Intellectual Property and Pricing
Today a different kind of IP here on IP Inferno, although I believe that the issues confronting our creative industries are parallel and related to those that confront the technology industry. There is an ongoing debate amongst a set of thinkers on the relationship of PRICE to COST, in particular as applied to products that are largely (or entirely) made up of this flimsy stuff we call intellectual property. When your product is bits and not atoms, should costs of manufacturing and distribution have anything to do with price?
Solveig Singleton addresses this issue in a recent blog post on IP central entitled "The Marginal Cost Fallacy, Again" in which she argues that the idea that marginal cost would have anything to do with pricing is an academic notion, not intended to have any application in the real world. This is in response to an interview with Defective By Design, an anti-DRM activist organization. In the interview, the ant-DRM advocates ask:
When we live in a age where all digital works of art and all human knowledge can be transferred at (next to) zero cost, and where the cost of making one more copy is zero. Is it right to be building digital fences and digital handcuffs around this art and knowledge?Solveig sees in this an argument that prices for IP should relate to costs and points out that this connection is not a necessary connection.
But the component of the equation which appears to be lacking in Solveig's observations is the willingness of a consumer to pay a given price. The market's willingness to pay IS a critical component and marginal costs finds its way back into the (real world) calculation via this component.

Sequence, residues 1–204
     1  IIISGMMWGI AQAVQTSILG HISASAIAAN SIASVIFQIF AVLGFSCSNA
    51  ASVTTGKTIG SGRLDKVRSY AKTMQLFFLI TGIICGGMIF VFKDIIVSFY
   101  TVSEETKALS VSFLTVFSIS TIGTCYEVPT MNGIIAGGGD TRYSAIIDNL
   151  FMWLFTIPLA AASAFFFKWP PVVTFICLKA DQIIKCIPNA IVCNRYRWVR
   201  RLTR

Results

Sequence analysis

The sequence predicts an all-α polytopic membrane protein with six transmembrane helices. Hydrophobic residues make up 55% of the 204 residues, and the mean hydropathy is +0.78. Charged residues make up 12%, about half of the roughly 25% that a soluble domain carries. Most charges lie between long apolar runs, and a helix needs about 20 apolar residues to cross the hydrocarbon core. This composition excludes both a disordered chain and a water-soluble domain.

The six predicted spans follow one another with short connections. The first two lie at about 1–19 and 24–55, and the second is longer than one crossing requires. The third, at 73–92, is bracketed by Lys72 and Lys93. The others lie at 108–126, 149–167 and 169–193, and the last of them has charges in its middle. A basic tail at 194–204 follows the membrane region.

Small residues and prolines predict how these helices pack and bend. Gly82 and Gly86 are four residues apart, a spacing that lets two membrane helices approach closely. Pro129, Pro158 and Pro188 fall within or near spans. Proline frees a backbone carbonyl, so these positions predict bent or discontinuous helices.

Lets do some context setting -- cassette tapes provided consumers with a vehicle for duplicating recordings 30 years ago and yet they had a nominal impact on pricing for record albums. Why? Consumers still had to purchase cassettes AND invest their own time and energy into duplication. When a consumer evaluated the cost (in real dollars and time) of duplicating an album, consumers whose time was worth something would opt to buy the album. Consumers whose time was not worth anything likely had little disposable income anyway, and thus wouldn't have bought the album.
But with marginal cost approaching zero for electronic duplication - both in real dollars and tims - the consumer's calculation is quite different. Now it really doesn't make economic sense to purchase the album. Thus you are left with the flimsy bulwark of legal protection for IP to entice a consumer to pay for the album.
When economic incentives are out-of-whack with business practices, does it make sense to do as the RIAA has done and enforce those business practices through legal efforts? Or does it make sense to change those business practices?